Boyer v. Commissioner of Social Security

Filing 18

ORDER adopting Report and Recommendation re 15 Report and Recommendation affirming the decision by the Commissioner. Signed by Judge Michael R. Barrett on 9/29/17. (ba)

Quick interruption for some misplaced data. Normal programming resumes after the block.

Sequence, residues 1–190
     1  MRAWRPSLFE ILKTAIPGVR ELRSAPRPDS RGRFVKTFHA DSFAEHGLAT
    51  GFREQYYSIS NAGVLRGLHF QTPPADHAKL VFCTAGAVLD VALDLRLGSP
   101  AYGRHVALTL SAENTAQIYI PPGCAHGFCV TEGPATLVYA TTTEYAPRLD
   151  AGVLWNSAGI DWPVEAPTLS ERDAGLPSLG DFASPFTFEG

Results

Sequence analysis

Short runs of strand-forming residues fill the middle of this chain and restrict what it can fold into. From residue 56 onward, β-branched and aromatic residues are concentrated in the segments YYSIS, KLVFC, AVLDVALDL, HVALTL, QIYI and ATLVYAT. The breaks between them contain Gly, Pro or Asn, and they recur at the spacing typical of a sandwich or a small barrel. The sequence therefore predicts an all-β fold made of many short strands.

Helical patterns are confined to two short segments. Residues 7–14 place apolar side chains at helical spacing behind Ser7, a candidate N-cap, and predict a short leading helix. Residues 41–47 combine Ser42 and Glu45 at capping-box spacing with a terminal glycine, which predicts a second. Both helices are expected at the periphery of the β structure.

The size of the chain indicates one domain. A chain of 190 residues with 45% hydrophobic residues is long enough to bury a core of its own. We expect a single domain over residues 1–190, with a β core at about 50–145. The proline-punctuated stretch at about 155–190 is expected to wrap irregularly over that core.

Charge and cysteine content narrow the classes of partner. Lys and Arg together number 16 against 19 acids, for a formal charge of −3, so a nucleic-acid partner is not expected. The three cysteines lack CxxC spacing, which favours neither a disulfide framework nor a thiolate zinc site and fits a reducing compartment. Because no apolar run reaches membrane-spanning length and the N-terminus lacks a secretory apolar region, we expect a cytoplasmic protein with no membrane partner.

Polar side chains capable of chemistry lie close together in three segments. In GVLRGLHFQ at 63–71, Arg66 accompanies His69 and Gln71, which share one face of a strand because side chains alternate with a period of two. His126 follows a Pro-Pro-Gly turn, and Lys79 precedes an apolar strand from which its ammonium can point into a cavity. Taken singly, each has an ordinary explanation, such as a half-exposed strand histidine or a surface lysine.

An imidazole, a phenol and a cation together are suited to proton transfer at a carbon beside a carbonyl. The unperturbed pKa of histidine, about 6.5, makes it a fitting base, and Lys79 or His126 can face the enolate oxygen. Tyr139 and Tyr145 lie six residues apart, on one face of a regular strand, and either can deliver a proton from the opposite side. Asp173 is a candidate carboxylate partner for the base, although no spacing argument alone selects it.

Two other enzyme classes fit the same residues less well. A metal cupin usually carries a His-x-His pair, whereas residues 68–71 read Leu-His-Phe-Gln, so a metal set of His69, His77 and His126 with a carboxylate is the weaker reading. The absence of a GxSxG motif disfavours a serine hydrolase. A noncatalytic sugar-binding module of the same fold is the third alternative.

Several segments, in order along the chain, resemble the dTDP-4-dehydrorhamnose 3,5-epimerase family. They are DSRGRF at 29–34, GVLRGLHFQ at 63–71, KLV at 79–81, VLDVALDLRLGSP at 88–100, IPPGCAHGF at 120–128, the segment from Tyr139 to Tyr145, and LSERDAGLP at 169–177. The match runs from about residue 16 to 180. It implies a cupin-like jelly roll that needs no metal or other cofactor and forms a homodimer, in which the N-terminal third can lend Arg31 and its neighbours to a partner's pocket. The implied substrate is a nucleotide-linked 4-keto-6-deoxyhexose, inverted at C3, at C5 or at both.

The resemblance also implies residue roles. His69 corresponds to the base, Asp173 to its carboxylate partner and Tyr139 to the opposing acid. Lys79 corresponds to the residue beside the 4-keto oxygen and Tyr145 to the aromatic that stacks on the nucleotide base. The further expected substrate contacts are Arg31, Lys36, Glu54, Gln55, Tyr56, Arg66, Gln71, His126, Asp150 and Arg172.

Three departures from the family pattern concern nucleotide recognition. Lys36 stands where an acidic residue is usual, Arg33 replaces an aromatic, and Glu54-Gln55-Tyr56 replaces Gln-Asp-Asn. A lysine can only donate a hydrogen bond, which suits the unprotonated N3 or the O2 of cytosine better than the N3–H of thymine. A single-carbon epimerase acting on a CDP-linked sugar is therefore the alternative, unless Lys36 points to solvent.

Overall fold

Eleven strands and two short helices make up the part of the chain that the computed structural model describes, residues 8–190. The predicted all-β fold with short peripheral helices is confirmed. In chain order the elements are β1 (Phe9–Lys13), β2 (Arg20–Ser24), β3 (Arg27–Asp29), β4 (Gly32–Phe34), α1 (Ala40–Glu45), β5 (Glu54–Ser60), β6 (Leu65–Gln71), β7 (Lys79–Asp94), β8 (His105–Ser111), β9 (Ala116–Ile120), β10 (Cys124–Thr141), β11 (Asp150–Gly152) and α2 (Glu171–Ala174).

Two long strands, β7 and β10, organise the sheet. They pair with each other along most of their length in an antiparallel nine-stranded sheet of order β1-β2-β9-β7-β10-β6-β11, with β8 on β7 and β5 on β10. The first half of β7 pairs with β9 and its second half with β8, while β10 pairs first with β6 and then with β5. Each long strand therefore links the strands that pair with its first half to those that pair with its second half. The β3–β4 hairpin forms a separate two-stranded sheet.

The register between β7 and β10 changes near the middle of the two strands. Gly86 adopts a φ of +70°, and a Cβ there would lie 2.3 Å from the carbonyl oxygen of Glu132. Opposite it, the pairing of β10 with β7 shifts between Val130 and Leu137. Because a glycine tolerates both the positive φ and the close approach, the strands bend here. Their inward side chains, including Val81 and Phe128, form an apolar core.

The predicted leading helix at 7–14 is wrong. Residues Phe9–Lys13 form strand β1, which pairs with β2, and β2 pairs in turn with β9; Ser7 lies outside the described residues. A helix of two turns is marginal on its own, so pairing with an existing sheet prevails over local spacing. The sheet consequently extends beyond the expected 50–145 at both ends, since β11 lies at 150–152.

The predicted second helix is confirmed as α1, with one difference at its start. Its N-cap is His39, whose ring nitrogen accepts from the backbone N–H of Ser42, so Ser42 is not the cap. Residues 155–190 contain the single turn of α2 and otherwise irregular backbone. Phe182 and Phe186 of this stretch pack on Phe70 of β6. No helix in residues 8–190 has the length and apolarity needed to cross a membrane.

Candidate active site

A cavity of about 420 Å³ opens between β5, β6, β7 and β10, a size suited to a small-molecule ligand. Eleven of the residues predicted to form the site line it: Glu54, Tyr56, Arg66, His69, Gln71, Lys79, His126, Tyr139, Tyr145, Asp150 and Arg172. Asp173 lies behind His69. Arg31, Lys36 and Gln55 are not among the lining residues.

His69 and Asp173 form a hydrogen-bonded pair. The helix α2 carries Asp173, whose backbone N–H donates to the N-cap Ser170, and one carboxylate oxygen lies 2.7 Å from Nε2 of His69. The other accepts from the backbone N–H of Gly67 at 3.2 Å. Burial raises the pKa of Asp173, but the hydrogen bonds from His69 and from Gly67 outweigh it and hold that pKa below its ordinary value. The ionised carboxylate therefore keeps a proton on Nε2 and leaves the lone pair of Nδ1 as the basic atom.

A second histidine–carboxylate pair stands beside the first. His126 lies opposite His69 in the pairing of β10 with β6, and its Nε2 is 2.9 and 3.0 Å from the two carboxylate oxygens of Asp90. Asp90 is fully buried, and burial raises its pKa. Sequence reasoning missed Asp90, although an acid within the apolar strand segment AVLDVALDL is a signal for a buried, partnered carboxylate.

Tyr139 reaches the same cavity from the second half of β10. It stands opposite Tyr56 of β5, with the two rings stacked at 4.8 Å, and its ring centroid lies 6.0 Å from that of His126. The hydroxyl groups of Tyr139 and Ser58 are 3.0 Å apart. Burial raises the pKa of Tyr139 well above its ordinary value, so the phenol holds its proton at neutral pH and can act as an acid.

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UNITED STATES DISTRICT COURT SOUTHERN DISTRICT OF OHIO WESTERN DIVISION Jeffery Boyer, Plaintiff, Case No. 1:16cv644 v. Commissioner of Social Security Judge Michael R. Barrett Magistrate Judge Stephanie K. Bowman Defendant. ORDER This matter is before the Court upon the Magistrate Judge=s May 1, 2017 Report and Recommendation (AR&R@) which recommends that the decision of the Commissioner be affirmed and this matter be closed on the docket of the Court. (Doc. 15). Notice was given to the parties under 28 U.S.C. ' 636(b)(1)(c). Plaintiff filed objections to the Magistrate Judge=s R&R. (Doc. 16). The Commissioner filed a response. (Doc. 17). When objections are received to a magistrate judge’s report and recommendation on a dispositive matter, the district judge “must determine de novo any part of the magistrate judge’s disposition that has been properly objected to.” Fed. R. Civ. P. 72(b)(3). After review, the district judge “may accept, reject, or modify the recommended disposition; receive further evidence; or return the matter to the magistrate judge with instructions.” Id.; see also 28 U.S.C. § 636(b)(1). The Magistrate Judge completed a comprehensive review of the record and the same will not be repeated here except as necessary to respond to Plaintiff’s objections. A. Disability Finding at Age 50 Plaintiff argues that the Magistrate Judge erred in failing to find Plaintiff disabled as of his 50th birthday or “some medically determinable point in time prior to January 26, 2013, also based on the grid system.” (Doc. 16, PageID 1313). Upon review of the record, the undersigned agrees with the Magistrate Judge that Plaintiff raised for the first time in his reply memorandum that the ALJ should have applied Grid 201.10 to find him disabled as of his 50th birthday. Accordingly, to the extent Plaintiff asks the Court to find him disabled based upon the grid system, his argument is waived. See Scottsdale Ins. Co. v. Flowers, 513 F.3d 546, 553 (6th Cir. 2008). However, regardless of whether the grid system is applicable, the result does not change. As the Magistrate Judge correctly pointed out, the standard of review is not whether substantial evidence exists in the record to support a different conclusion, but rather the decision is supported by substantial evidence. Felisky v. Bowen, 35 F.3d 1027, 1035 (6th Cir. 1994). Plaintiff apparently views the ALJ’s determination that he did not became disabled until January 26, 2013 as arbitrary, and he asks the Court to remand for further proceedings to determine “the medically determinable point in time at which Plaintiff became disabled.” (Doc. 16, PageID 1314). In other words, Plaintiff asks the ALJ to substitute one “arbitrary” date for, arguably, another “arbitrary” date. Moreover, as the Magistrate Judge correctly explained, even if the Court applied the grid system to determine whether Plaintiff was disabled sometime after he turned 50, the result would not change. The grid system mandates a finding of disability if a claimant is limited to sedentary work. Rule 201.02. Here, there is substantial evidence in the record to support the limitation of “light” work and thus, Plaintiff’s argument is without merit. 2 Accordingly, Plaintiff’s objections as to this issue are OVERRULED. B. Weight Given to Medical Sources Plaintiff argues the ALJ failed to provide deference to Dr. Bohinc’s history with Plaintiff, and failed to perform a deferential weight analysis. The Magistrate Judge addressed this same argument in her R&R, and the Court finds no error in the Magistrate Judge’s conclusion that the ALJ adequately explained the weight given to Dr. Bohinc’s opinions. As the Sixth Circuit has explained: In assessing the medical evidence supplied in support of a claim, there are certain governing standards to which an ALJ must adhere. Key among these is that greater deference is generally given to the opinions of treating physicians than to those of non-treating physicians, commonly known as the treating physician rule. See Soc. Sec. Rul. 96–2p, 1996 WL 374188 (July 2, 1996); Wilson v. Comm'r of Soc. Sec., 378 F.3d 541, 544 (6th Cir. 2004). Because treating physicians are “the medical professionals most able to provide a detailed, longitudinal picture of [a claimant's] medical impairment(s) and may bring a unique perspective to the medical evidence that cannot be obtained from the objective medical findings alone,” their opinions are generally accorded more weight than those of non-treating physicians. 20 C.F.R. § 416.927(d)(2). Therefore, if the opinion of the treating physician as to the nature and severity of a claimant's conditions is “well-supported by medically acceptable clinical and laboratory diagnostic techniques and is not inconsistent with other substantial evidence in [the] case record,” then it will be accorded controlling weight. Wilson, 378 F.3d at 544. When the treating physician's opinion is not controlling, the ALJ, in determining how much weight is appropriate, must consider a host of factors, including the length, frequency, nature, and extent of the treatment relationship; the supportability and consistency of the physician's conclusions; the specialization of the physician; and any other relevant factors. Id. Rogers v. Comm'r of Soc. Sec., 486 F.3d 234, 242 (6th Cir. 2007) (footnote omitted). Here, the ALJ found that Dr. Bohinc’s opinions were not entitled to controlling weight due to the conclusory nature of many of his opinions, and the fact they were inconsistent with other substantial evidence in the record. Nevertheless, Plaintiff argues the ALJ failed to follow the 3 proper regulatory scheme, specifically arguing the ALJ did not analyze the regulatory factors to be considered when a treating physician’s opinion is not given controlling weight. The Court disagrees. As the Magistrate Judge explained, an ALJ need not engage in “an exhaustive factor-by-factor” analysis. (Doc. 15, PageID 1302) (citing Francis v. Com’r of Soc. Sec., 414 Fed. Appx. 802, 804 (6th Cir. 2011). Here, there is no indication the ALJ did not consider the relevant factors outlined in 20 C.F.R. § 404.1527. Indeed, the ALJ acknowledged the length of Dr. Bohinc’s treatment relationship, relying on treatment notes from various years dating back to August 2006. (Tr. 88). The ALJ’s decision also considers the nature and extent of the treatment relationship, referencing Dr. Bohinc’s opinions and treatment recommendations over the years. (Tr. 83-84, 86, 88). While the ALJ did not do a factor-by-factor analysis, the decision nevertheless considers the relevant factors throughout the decision. Thus, upon review, the Court finds the ALJ discounted Dr. Bohinc’s opinion after proper consideration of the regulatory factors. Moreover, there is no evidence the ALJ more harshly criticized Dr. Bohinc’s opinions as Plaintiff argues. Instead, the ALJ refused to give weight to Dr. Bohinc’s conclusory opinion that Plaintiff “cannot work at this time.” As the Magistrate Judge correctly explained, opinions on the ultimate determination of disability are expressly “reserved to the Commissioner.” (Doc. 15, PageID 1298) (citing 20 C.F.R. § 404.1527(d)). Upon review, the Court finds the ALJ sufficiently explained the weight given to all of Dr. Bohinc’s opinions. Plaintiff’s objections as to this issue are OVERRULED. Based on the foregoing, the Court hereby ADOPTS the Magistrate Judge=s May 1, 2017 R&R. (Doc. 15). Accordingly, the decision of the Commissioner is AFFIRMED. This matter shall be CLOSED and TERMINATED from the active docket of this Court. 4 IT IS SO ORDERED. ______________________ s/Michael R. Barrett Michael R. Barrett, Judge United States District Court 5